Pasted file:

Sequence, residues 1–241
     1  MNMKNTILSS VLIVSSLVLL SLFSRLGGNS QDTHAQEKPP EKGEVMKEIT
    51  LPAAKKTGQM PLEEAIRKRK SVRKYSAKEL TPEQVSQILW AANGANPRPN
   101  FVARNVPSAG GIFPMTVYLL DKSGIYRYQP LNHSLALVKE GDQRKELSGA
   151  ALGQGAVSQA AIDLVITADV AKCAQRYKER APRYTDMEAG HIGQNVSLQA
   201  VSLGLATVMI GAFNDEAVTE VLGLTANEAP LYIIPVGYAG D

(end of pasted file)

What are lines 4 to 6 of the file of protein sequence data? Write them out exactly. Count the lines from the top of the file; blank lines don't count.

   101  FVARNVPSAG GIFPMTVYLL DKSGIYRYQP LNHSLALVKE GDQRKELSGA
   151  ALGQGAVSQA AIDLVITADV AKCAQRYKER APRYTDMEAG HIGQNVSLQA
   201  VSLGLATVMI GAFNDEAVTE VLGLTANEAP LYIIPVGYAG D